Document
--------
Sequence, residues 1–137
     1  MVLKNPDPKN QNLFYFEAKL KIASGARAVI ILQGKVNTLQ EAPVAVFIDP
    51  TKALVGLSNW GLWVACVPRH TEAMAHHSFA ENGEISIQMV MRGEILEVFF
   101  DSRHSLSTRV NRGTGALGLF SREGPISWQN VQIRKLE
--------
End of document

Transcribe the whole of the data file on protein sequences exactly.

Sequence, residues 1–137
     1  MVLKNPDPKN QNLFYFEAKL KIASGARAVI ILQGKVNTLQ EAPVAVFIDP
    51  TKALVGLSNW GLWVACVPRH TEAMAHHSFA ENGEISIQMV MRGEILEVFF
   101  DSRHSLSTRV NRGTGALGLF SREGPISWQN VQIRKLE